The biggest problem with writing about Venice is that someone better and cleverer than you has already said all there is to say about the world’s most photogenic city.
Maybe say nothing and let the 1000 photographs you took tell the tale? Someone better and sharper eyed has taken that photo before you. And nobody really wants to be sat scrolling through a series of images it took you a full day to collect. Remember photography books are edited so only the truly great shots are published not all the dross we photograph. So I will as ever take comfort from the word’s of Professor Corky McGuinness my Musical Aesthetics teacher: ‘That someone thought or discovered something before you matters little – that you discovered it yourself counts for everything’. Reach for your own thoughts and ideas.
Everyone has different ideas and advice as to what to see and when. But they all agree on one thing… no maps! Go and get lost. Walk down the narrowest lanes. Cross the canals and head to the pathways nobody else is taking. Find your own Venice. Everything and everywhere is Venice is heavenly to the eye. Everything is two sided too. I never understood that before, the two faces front and back. It’s about contrasts. Yin and Yan. Day and night. Resplendence and decay. Locals and tourists. Wealth and poverty. Vast waters and narrow alleys. Life and death.
And so I headed out to the Isle of the Dead. Isola di San Michele the floating Cimitero. Until the time of Napoleon the Venetians were burying their dead in the city below the paving slabs. That’s really weird when you consider that the city regularly floods even just from high tides. so from around the 1800s Napoleon made all the dead go to this separate island by Murano. It’s a big place surrounded with red brick walls and it’s rammed to the rafters with dead folk and their ashes all neatly catalogued in drawers stacked high in the many white interior walls. No Dewy numbers Val. All in dates of death of earliest family members. Tricky and not an easy to follow system. I went with a purpose. To find the resting place of that giant of early 20th century music Igor Stravinsky.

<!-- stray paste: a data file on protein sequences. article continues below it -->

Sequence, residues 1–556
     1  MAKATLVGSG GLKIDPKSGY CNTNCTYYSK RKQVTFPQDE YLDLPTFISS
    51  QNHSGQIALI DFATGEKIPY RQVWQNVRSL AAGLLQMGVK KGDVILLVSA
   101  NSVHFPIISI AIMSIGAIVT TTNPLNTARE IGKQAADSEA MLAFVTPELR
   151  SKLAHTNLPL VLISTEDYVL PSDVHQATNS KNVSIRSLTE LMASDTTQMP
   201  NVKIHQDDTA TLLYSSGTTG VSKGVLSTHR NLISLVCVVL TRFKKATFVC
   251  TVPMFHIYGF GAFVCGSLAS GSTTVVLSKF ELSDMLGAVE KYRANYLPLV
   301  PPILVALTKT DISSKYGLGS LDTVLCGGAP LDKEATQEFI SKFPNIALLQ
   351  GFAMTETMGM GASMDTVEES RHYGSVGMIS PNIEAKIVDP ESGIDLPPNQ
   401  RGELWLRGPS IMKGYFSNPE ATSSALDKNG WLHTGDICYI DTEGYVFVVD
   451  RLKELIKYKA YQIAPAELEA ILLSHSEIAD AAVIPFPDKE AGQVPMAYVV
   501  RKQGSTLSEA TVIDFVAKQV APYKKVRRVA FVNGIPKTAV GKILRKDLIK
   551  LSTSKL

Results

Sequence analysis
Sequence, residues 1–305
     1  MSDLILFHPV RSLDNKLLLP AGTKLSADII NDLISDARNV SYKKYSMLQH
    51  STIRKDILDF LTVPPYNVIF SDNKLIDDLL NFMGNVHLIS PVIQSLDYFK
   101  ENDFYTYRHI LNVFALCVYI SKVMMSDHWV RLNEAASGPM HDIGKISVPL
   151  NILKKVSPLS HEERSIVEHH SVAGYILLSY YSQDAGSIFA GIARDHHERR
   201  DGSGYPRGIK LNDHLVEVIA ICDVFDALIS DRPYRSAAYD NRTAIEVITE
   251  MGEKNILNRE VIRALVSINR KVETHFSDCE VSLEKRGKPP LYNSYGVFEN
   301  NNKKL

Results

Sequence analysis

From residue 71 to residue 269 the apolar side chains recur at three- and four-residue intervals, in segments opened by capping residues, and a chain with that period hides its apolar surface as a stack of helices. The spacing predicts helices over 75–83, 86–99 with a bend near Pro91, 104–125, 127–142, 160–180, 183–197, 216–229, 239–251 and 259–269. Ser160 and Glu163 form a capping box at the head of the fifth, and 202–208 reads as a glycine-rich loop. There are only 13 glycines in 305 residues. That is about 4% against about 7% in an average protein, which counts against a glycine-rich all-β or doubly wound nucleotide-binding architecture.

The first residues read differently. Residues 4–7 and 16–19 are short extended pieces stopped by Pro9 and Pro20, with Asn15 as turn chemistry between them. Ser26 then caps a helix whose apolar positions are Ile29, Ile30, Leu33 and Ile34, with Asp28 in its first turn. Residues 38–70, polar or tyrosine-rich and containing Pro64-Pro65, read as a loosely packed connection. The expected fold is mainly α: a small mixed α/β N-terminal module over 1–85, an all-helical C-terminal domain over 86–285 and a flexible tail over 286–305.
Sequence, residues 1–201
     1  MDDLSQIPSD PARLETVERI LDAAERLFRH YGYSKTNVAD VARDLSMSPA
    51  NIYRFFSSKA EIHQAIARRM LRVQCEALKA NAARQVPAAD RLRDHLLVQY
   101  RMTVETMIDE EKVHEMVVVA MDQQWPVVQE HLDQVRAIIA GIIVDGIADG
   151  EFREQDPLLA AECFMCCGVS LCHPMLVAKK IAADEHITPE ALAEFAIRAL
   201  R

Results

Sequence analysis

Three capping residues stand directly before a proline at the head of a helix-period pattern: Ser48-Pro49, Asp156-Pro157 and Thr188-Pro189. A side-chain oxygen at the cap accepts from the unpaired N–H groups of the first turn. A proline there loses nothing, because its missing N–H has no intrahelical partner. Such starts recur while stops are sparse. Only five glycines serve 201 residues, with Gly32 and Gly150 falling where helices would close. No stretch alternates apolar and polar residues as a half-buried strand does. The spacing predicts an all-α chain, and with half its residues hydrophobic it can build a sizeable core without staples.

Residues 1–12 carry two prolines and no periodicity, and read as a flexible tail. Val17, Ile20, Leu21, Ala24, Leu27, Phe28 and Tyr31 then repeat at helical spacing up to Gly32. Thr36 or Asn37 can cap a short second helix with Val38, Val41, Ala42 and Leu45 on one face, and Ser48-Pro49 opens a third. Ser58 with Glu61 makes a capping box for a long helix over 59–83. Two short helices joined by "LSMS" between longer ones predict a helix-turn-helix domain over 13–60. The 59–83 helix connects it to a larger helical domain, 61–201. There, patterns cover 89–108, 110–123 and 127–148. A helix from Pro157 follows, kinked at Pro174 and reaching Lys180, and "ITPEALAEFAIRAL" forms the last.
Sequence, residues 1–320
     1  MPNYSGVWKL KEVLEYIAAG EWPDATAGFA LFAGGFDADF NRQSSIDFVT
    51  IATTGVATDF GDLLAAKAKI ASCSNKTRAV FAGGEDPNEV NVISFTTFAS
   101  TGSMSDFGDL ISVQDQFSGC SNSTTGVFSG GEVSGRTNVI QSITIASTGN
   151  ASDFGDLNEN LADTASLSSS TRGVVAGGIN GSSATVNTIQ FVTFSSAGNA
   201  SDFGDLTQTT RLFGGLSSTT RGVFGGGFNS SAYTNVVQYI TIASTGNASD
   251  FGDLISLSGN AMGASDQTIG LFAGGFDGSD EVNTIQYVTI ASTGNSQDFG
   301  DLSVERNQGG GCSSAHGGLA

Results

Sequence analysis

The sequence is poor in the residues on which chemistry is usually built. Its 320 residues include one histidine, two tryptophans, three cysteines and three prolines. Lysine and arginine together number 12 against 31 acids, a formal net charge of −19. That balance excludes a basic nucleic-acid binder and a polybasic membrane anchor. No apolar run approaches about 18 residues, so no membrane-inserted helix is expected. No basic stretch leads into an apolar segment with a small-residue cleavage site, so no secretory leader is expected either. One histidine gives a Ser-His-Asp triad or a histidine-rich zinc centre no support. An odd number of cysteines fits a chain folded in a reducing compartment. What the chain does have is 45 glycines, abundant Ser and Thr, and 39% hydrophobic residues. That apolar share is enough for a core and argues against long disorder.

He was situated in the Orthodoxy section next to Vera his wife. Their tombs were simple slabs of stone and oddly moved me very little. No tributes from musicians or composers. No manuscripts or scores yet the grave to his old bezzy, Sergei Diaghilev brought a tear to my jaded eye and a lump to my throat. Also Stravinsky’s was flown from New York to be buried close to his friend Diaghilev which is a fascinating friendship.
Not a large enough lump to silence me from making everyone else in the cemetery come and see though. Behind his headstone alter was a pile of pale pink ribboned ballet slippers left in tribute to the great impresario of the Ballet Russe. Absolutely lovely tribute to the man.
Ezra Pound, I found you not, sorry. the signs just run out.
Returning from the Cimitero to the main city I was amused to see the water ambulance speeding along with its blue lights flashing and even more impressed as it docked in the emergency entrance to the hospital. Without cars of course the emergency services are boats.
Venice is dense with vistas and especially rammed with bridges. Just counting the city and not the islands surrounding it there are almost 400 bridges. New city rules have introduced scaffolding ramps to aid wheelchair users, disabled visitors and prams. These temporary structures should be just that. A better and more permanent solution is needed and greater numbers too. But that will be a difficult job for the leaders of the town. some bridges are steep with steps and will take a great deal to overcome wheelchair accessibility. Maybe the civic leaders could visit Chester, recently awarded the accolade of Europe’s most accessible city.
And many of the inner streets and canals are very narrow but this is a main feature of the city’s charm. Barely room to swing a cat never mind fit two gondolas and all the visitors that stream in everyday.
Walking around this city needs regular refuelling. I’ve cover another 23km today and it’s pizza time again. Tick tock tick tock.